A care group is set to hand Bromley Council a petition to call for the authority to show a “moral duty” to residents struggling to eat.
The borough’s Community Care Protection Group (CCPC) is planning to get signatures outside Walnuts Shopping Centre on Saturday (March 22).
CCPC members attended a council meeting last month asking for a food bank in St Paul’s Cray with a commercial rent of £8,400 be reduced to a “peppercorn rate”.
In December News Shopper reported the council said the Cotmandene Crescent facility has to pay full price from January, despite it relying solely on donations and operating without an income.
CCPC also said councillors have no records of how many people rely on handouts to survive, questioning the apparent lack of desire to help “alleviate food poverty” evident in the borough.
Secretary Sue Sulis said while she understands Bromley Council has no legal responsibility to help finance food banks, like others across the country she feels more could be done and “barriers removed”.
The 68-year-old, of St Mary Cray, said: “Surely the council has a moral duty to help the poorest and most vulnerable here?
“I’m aghast – we know they don’t have to but it’s a question of ensuring peoples’ health and wellbeing.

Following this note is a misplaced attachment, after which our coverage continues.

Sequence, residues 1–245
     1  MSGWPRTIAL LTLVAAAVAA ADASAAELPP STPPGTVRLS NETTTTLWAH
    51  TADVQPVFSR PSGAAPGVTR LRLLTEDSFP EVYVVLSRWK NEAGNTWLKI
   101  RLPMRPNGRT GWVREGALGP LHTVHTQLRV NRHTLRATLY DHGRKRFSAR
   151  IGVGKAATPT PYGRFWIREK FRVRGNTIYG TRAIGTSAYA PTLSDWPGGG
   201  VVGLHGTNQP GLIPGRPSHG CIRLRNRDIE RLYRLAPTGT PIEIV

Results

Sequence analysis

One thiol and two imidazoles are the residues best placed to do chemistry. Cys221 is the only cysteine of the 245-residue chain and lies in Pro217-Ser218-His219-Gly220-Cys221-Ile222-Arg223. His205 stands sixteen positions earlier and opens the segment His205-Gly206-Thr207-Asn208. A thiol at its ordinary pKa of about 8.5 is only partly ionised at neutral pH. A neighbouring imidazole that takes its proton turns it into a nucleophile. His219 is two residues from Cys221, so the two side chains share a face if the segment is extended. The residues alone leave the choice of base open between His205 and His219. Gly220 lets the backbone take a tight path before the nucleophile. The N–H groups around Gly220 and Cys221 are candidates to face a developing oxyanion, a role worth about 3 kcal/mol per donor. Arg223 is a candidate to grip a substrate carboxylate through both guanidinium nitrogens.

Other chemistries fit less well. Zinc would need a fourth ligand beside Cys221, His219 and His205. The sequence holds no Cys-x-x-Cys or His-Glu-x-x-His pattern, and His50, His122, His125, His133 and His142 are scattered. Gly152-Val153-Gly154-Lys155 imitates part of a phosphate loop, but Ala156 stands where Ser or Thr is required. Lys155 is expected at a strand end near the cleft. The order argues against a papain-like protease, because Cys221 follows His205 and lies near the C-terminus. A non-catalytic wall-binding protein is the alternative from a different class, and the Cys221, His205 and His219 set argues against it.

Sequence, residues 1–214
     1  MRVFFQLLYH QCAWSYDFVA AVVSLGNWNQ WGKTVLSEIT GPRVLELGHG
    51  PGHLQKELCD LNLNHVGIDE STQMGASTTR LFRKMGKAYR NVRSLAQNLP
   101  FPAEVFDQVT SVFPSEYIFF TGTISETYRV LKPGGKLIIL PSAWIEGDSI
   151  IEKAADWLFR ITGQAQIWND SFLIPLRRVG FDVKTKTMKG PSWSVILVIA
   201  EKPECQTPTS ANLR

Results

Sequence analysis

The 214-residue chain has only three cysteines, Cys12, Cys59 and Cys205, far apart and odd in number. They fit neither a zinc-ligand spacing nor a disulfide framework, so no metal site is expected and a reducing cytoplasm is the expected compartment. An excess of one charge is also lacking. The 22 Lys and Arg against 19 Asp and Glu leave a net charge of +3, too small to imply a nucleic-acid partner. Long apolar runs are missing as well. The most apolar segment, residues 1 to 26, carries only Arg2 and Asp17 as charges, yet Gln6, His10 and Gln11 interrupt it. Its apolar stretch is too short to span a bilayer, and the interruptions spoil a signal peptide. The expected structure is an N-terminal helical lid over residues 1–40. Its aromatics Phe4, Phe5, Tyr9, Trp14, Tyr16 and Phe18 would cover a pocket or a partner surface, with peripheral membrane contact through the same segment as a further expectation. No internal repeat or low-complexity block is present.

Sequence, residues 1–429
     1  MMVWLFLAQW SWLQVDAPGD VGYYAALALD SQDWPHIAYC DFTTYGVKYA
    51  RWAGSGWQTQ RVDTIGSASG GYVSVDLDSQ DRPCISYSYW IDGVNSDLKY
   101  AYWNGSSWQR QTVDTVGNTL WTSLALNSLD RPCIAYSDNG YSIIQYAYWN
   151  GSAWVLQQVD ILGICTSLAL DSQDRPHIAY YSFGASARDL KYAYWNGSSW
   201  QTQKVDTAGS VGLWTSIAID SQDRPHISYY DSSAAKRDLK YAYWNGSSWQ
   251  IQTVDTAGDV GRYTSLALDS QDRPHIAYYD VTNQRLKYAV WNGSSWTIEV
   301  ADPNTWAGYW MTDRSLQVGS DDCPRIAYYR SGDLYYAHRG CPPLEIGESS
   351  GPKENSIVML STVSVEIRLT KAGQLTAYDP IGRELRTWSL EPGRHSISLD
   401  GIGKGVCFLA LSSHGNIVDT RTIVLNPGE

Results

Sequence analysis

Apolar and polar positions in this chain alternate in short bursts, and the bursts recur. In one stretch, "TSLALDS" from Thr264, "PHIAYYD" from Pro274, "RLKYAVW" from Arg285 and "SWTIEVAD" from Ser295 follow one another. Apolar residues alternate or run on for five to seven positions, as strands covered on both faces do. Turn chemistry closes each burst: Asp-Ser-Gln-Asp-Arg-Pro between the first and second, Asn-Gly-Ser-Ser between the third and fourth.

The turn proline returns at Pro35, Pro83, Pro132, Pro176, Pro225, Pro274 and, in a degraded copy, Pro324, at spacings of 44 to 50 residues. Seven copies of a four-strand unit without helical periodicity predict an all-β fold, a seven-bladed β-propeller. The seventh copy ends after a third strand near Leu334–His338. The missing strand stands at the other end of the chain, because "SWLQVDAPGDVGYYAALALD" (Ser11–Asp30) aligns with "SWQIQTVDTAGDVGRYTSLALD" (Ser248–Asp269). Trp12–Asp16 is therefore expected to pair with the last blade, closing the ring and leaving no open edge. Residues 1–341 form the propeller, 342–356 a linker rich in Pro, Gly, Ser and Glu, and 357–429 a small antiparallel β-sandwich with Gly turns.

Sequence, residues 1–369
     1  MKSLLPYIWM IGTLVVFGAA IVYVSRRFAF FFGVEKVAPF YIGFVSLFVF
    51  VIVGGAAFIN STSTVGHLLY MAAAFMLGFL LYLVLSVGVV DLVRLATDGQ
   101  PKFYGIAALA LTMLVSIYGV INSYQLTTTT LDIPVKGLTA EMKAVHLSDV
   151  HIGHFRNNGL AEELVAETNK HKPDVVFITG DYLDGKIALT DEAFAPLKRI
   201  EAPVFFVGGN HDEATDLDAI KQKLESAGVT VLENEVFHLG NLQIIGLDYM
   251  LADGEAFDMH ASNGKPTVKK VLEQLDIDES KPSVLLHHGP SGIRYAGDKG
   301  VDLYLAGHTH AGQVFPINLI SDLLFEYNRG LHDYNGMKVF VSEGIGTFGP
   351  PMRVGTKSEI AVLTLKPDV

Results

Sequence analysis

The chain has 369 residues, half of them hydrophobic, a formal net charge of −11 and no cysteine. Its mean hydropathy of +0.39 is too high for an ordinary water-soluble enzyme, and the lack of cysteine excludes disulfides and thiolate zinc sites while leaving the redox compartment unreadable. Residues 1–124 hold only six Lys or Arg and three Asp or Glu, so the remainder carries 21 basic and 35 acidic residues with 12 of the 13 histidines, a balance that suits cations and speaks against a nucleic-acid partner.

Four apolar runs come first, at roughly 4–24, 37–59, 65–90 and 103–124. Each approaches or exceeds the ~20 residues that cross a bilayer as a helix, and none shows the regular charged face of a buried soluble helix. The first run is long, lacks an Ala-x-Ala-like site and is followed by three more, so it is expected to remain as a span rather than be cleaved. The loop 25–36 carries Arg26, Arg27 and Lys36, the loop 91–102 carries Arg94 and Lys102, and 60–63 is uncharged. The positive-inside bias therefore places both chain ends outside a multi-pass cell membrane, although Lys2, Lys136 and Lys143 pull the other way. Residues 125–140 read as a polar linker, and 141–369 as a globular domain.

“This is a serious issue. People are going hungry.”
The council reportedly said at February’s meeting research suggests that more than 500,000 households are likely to be using food banks by 2016 – but it has not researched local demand.
However, an “increase in the number of people being referred to or advising about food banks” has been noted.
Councillor Graham Arthur, executive councillor for resources, said: “We have supported the Food Bank from the very beginning and provided three years of support with rent free premises and remain supportive of the aims of this charity and the many other charities that also do good work across the borough.
"The original arrangements were never intended to be permanent but gave the charity the time it needed to get on a more secure financial footing.
"The Food Bank has chosen to stay on in these premises and they have agreed to the terms of a lease in the same way as with any other charity or business.
"Unlike some Councils, Bromley has also set up the Welfare Fund to directly support extremely vulnerable residents following the Government’s abolition of the Discretionary Social Fund, enabling people to purchase their own essential supplies, including food.
"In addition we work with a range of charities and voluntary organisations including food banks, providing a range of advice and support."
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